To make it clear, you are a group of first level (with perhaps a couple second level) PCs meant to take on an Adult Blue Dragon. Guards are dying left and right and you know you are supposed to do something to save the guards and the town, but you have no idea what. Taking on the dragon is essentially instant death. His claw and bite attacks do double digit damage, enough to put down a low level PC in one hit, and the breath weapon does 66 damage. Not only will you be put down, you will be irrevocably dead, dead, DEAD, even if you save for half damage.
Half the party will likely be overcome with the dragon fear at the outset of the encounter rendering your PCs unable to do anything but pee their britches. Even if your PC makes the Wisdom save against the dragon fear, the player won't, since he will have little idea what to do in the scenario other than dying horribly in the jaws of a massive blue dragon.
As a player, this sucked.
The whole group of us sat around the table staring at one another and trying to throw out even the most ridiculous, lame ideas. It was probably close to a half hour (likely more) in table time while we floundered and guards died. We had no clues from the DM as to what to do. Luckily she was kind enough that some of the actions from a few PCs that might normally have resulted in instant death were essentially ignored by the dragon (she took pity on us).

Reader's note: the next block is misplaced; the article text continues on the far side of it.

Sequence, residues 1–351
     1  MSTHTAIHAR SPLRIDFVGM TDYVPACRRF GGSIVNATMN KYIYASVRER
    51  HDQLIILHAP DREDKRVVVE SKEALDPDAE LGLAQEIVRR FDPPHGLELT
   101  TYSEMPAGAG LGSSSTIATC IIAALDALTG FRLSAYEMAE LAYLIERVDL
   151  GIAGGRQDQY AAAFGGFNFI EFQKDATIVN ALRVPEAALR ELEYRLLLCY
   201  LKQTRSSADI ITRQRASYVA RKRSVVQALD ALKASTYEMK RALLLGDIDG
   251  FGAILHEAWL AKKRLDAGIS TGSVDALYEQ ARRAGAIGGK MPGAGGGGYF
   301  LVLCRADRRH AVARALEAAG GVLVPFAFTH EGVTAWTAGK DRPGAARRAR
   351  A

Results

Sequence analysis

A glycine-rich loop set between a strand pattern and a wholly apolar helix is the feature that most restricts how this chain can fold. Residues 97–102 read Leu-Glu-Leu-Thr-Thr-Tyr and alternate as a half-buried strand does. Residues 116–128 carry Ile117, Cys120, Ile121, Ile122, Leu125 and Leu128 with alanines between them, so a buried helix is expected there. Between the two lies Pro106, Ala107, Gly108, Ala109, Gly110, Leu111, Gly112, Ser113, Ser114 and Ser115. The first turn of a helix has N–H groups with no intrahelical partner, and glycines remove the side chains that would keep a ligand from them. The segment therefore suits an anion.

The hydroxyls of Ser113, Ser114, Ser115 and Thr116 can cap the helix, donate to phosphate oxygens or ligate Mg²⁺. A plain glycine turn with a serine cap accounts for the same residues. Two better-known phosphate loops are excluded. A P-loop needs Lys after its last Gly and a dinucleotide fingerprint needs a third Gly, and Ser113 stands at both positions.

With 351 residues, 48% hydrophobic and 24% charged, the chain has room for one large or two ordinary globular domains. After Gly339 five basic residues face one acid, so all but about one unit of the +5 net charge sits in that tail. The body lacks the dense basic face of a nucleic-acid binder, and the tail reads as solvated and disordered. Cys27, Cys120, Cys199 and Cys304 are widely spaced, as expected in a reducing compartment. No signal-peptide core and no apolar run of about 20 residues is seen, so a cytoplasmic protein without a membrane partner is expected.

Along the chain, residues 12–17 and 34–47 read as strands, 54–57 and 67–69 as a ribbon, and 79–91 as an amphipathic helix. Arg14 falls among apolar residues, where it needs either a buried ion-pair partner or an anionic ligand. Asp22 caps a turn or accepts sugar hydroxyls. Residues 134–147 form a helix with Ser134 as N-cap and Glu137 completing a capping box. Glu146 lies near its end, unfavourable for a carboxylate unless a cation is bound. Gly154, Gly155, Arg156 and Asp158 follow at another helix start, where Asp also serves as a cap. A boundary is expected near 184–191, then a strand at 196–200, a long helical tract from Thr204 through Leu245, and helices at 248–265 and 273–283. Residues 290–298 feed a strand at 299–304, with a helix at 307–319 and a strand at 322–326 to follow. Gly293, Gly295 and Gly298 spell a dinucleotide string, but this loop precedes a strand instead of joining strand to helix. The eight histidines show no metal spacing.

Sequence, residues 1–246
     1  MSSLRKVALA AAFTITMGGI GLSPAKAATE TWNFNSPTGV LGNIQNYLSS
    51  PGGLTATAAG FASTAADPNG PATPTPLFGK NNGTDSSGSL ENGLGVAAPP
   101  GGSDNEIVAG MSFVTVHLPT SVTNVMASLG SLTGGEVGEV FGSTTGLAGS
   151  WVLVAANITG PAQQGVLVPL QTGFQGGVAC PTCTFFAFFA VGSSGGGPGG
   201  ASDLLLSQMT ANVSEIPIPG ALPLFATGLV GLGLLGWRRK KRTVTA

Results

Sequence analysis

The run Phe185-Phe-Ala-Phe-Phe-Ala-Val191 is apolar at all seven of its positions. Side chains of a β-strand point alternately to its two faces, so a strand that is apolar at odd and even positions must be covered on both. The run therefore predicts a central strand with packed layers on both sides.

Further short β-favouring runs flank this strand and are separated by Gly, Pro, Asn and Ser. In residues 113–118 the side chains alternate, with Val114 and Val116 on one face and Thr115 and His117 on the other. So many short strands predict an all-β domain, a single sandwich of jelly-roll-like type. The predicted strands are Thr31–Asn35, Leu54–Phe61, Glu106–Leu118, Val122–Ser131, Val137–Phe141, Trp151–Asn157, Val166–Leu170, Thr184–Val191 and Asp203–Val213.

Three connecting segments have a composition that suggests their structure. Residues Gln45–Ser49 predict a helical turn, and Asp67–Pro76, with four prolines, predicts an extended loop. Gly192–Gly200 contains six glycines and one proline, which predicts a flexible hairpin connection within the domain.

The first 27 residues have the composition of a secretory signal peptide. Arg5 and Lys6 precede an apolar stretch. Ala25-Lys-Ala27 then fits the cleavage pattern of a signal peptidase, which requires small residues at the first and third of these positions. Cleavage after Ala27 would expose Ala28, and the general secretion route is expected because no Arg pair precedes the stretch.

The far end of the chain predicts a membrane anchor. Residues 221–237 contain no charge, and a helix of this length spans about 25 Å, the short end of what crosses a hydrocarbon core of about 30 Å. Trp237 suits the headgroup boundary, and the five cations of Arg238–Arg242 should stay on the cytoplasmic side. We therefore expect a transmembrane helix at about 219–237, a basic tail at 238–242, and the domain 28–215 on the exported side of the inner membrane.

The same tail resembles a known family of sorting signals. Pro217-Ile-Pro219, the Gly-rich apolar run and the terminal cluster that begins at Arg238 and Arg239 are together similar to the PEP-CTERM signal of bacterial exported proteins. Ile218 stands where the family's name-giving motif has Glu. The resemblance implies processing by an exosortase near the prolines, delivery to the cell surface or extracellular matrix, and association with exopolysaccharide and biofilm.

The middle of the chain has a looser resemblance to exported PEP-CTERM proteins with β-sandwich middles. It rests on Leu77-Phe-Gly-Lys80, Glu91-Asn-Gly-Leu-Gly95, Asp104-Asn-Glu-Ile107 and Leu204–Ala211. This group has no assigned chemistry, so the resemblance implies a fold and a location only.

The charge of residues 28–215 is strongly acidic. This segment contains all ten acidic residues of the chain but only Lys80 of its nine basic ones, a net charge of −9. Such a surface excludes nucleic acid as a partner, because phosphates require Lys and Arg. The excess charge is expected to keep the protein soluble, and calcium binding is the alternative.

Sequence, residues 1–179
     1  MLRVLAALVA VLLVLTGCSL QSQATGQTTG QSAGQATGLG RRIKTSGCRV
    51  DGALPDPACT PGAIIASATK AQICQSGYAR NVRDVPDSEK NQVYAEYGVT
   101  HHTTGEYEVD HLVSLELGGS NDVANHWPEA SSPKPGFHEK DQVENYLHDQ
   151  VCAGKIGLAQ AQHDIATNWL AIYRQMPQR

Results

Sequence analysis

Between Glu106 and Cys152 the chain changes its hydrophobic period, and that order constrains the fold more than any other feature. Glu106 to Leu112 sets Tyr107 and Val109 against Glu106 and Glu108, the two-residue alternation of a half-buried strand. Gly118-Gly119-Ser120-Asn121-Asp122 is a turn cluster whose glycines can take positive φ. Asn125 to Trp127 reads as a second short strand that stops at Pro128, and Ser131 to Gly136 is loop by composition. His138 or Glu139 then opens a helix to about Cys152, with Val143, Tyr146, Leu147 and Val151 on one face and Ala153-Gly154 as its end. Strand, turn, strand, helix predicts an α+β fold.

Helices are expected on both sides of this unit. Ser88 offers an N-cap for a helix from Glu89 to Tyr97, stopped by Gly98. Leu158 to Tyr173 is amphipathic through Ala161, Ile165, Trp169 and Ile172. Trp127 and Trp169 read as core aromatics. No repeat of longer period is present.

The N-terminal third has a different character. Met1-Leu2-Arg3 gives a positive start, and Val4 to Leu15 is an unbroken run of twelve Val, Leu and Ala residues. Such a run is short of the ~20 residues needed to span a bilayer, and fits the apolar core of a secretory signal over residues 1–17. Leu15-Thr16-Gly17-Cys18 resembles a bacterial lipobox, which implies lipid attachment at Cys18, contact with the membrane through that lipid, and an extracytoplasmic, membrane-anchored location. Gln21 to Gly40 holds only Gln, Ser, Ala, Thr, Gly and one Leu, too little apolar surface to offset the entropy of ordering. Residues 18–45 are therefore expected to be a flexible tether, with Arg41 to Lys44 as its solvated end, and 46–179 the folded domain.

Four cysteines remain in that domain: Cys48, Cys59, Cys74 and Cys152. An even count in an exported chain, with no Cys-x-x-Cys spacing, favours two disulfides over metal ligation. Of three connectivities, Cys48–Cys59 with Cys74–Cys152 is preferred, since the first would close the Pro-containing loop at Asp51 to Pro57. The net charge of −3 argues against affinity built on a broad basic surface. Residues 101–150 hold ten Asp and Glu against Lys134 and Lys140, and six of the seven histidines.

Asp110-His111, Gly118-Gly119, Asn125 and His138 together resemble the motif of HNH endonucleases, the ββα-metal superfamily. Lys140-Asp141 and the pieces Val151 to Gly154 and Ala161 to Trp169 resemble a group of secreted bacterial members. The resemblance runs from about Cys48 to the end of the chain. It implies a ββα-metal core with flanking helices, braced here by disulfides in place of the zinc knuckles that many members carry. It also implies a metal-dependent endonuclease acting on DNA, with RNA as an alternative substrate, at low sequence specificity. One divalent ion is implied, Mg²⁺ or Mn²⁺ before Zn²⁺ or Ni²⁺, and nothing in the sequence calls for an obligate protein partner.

I had a small amount of meta knowledge and knew that we might be able to parley with the dragon, but I didn't want to act on out-of-character information. So after quite a while waiting for someone else to think of something (when it was clear that we were getting nowhere and no one was having fun), I finally stepped forward and attempted a parley. I happened to roll a natural 20 on my Persuasion check (and I had a really good boot-licking speech), so I felt a bit better about cheating with my meta-game knowledge, but at that point, there was no fun to be had by anyone at the table and it was time to move on to something else.
I see a few major problems with this scenario:
1) The players are given no information at all that this encounter won't result in the deaths of most of the party. They are presented with a horrendously overpowering foe and told to stop it. So you are essentially asked to sacrifice your PC, or just run away. We had several players seriously suggest that we should leave the town to the dragon's marauding and fail the mission outright.
2) The DM was given little direction in the module on how she should handle hinting possible approaches to the problem. The party is just told to go fight an overwhelming foe with no way of knowing how.